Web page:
It could’ve, would’ve, should’ve been a proud moment for all Cuban-Americans to see a Miami son make a bid for the U.S. presidency.
After all, Republican Sen. Marco Rubio certainly pulled at the heart strings using the historic Freedom Tower where Cuban refugees were processed during the Freedom Flights as the backdrop to his prime news hour announcement Monday night.
But in his ambitious quest to win Anglo conservative voters in Middle America, Rubio chose — and charted again in his presidential campaign speech — a political path that put him at odds with the uniqueness and progressiveness of contemporary South Florida.
It’s not that he’s a Republican, it’s that Rubio is an ultra conservative Republican who rose to power by embracing tea party right-wing ideology with evangelic eagerness. As we say in English and Spanish, he’s become more papist than the pope. Only his Texan counterpart and rival for the GOP nomination, Sen. Ted Cruz, is more extremist in his views. They’re both bad choices for the Republican Party if winning the presidency in a demographically changing country is what they seek.
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At 43, Rubio may be the youngest candidate in the field age-wise, but his platform and ideas are old and regressive.
A climate-change denier, this would-be world leader didn’t even mention one of the most important issues facing communities across the globe — and drowning his own. But he didn’t hesitate to bring up the paternalist issue that for scores of women disqualifies him from being a good candidate for any office, much less the presidency: women’s rights to make decisions about their reproductive health.
We didn’t wage battles against sexism throughout our lives to endorse Republican troglodytes like Rubio who won’t leave alone the historic Roe vs. Wade decision, and will, if elected president, get to appoint like-minded federal judges.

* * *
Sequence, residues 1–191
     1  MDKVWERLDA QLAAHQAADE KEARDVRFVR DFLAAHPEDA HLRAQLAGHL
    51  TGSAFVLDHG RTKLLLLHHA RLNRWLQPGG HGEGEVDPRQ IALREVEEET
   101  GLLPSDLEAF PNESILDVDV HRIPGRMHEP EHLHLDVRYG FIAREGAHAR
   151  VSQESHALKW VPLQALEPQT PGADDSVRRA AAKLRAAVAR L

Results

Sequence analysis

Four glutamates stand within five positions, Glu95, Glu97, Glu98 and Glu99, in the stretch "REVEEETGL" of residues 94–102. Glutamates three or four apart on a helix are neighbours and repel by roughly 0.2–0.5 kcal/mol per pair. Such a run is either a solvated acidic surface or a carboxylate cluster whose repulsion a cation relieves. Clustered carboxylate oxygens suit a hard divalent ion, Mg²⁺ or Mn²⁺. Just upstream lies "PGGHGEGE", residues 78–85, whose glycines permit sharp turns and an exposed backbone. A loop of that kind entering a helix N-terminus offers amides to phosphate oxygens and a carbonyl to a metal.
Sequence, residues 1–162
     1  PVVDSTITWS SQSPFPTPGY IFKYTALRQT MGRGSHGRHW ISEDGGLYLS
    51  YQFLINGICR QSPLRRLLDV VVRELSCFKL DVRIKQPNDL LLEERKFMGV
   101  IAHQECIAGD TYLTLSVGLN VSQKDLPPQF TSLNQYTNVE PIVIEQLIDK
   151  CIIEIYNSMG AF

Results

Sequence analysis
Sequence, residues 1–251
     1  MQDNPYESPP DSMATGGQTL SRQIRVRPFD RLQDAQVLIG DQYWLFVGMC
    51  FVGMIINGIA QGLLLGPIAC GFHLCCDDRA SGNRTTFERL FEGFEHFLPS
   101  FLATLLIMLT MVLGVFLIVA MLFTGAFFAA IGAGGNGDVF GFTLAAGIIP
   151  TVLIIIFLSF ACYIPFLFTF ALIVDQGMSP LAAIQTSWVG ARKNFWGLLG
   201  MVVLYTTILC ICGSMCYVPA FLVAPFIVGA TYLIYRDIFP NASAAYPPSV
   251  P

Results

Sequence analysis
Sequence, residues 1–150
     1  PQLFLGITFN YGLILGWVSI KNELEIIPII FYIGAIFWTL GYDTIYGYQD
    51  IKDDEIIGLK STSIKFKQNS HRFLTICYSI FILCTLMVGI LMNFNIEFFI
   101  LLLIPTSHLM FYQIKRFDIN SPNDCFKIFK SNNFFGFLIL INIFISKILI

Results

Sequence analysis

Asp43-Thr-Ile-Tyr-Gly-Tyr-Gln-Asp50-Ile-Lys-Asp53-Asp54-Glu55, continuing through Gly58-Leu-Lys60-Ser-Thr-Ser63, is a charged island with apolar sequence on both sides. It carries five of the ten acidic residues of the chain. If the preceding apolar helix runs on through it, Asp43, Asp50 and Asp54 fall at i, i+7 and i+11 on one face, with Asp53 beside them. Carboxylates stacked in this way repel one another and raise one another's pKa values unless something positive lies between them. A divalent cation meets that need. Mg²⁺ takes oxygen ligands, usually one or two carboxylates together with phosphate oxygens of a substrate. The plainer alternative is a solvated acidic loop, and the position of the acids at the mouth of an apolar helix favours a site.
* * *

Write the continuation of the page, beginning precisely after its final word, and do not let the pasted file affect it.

Rubio claims that he’s the youthful alternative and that in the case of other candidates, “too many of their ideas are stuck in the 20th century,” but he’s the one clinging to the past.
On foreign policy, he’s a throwback to the hawkish Bush-Cheney years that, instead of fostering peace in the Middle East, brought us a never-ending war that almost bankrupted this country, has cost thousands of American lives, and spun out a new terrorist group, ISIS.
He’s a throwback to a time when women and African Americans had to fight for their rights, their dignity, and the “opportunity” that, according to Rubio, everyone has experienced in exceptional America for the last two centuries. He forgot that blacks had to wage quite a fight in the 1960s to win the right to be treated as human beings. How regretful and embarrassing that his only mention of African Americans was about their nation-building contributions as “former slaves.”
Rubio might have been trying to conjure the spirit of beloved Republican Abraham Lincoln, assassinated 150 years ago Tuesday, but his message fell flat.
A presidential candidacy is made of more than feel-good cliches that tap into the insecurities and nostalgia of proud Americans. It’ll take more than being a conservative Republican version of his nemesis, President Barack Obama, who rose from a junior senatorial seat to the presidency, and whose footsteps to the White House Rubio is ironically following. Voters were willing to take a chance on the young senator from Illinois because he offered progressive ideas and change from the status quo in Washington.
Obama won with overwhelming support from African Americans who came out in unprecedented numbers to vote — something Rubio won’t be able to replicate with Latinos, who feel betrayed on immigration issues.
When he caved to the conservative Anglo voters and abandoned immigration reform, Rubio lost the future.
He might have had a shot had he used his influence and championed immigration reform, becoming the “Republican Savior” that Time magazine anointed too early. But instead he chose to blast and threaten to torpedo the president’s efforts to provide some relief via executive order to the meritorious DREAMer children and their families by withholding any federal funding.
Obama won the presidency by consolidating the same coalition of people who would not vote for Rubio. His candidacy is bad for the environment, bad for women, bad for gays, and offers nothing to African Americans and Latinos.
Judging from his record and his speech, there’s nothing fresh or new about Marco Rubio — only old-fashioned rhetoric and macho-man Republican values for a 21st century platform.
But perhaps what speaks louder about Rubio’s gaps is his miscasting of what the Freedom Tower means to Cuban-Americans.
It’s not, as he said in his speech, “a symbol of opportunity.”
For those of us who walked through its halls as political exiles, it’s a beacon of refuge, a landmark of a time when America welcomed us with open arms and legal status.
It’s not our Wall Street, but our Ellis Island.